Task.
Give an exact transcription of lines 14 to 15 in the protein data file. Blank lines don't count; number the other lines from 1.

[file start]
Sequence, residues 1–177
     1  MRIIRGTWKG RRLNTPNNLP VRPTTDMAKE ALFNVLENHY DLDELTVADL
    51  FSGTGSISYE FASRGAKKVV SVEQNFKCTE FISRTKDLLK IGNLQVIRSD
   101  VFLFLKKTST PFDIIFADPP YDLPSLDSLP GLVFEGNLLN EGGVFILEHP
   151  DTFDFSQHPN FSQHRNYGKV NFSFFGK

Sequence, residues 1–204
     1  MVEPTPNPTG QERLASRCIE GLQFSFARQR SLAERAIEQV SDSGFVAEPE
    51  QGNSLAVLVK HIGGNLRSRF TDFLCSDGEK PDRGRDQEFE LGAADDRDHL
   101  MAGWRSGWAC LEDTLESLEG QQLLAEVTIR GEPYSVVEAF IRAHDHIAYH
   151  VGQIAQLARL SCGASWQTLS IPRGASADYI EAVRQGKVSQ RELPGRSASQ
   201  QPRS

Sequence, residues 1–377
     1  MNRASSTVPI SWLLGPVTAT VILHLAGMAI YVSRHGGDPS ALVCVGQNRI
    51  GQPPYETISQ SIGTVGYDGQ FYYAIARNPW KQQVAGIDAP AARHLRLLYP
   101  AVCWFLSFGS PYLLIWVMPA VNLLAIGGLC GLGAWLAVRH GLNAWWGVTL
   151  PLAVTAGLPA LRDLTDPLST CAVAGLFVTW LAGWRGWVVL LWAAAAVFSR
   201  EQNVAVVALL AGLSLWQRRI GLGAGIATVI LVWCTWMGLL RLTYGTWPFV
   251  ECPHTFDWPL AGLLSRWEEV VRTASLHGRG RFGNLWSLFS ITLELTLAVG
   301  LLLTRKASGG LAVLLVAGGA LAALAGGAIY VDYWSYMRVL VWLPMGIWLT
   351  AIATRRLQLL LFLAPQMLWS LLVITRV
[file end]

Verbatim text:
    51  GQPPYETISQ SIGTVGYDGQ FYYAIARNPW KQQVAGIDAP AARHLRLLYP
   101  AVCWFLSFGS PYLLIWVMPA VNLLAIGGLC GLGAWLAVRH GLNAWWGVTL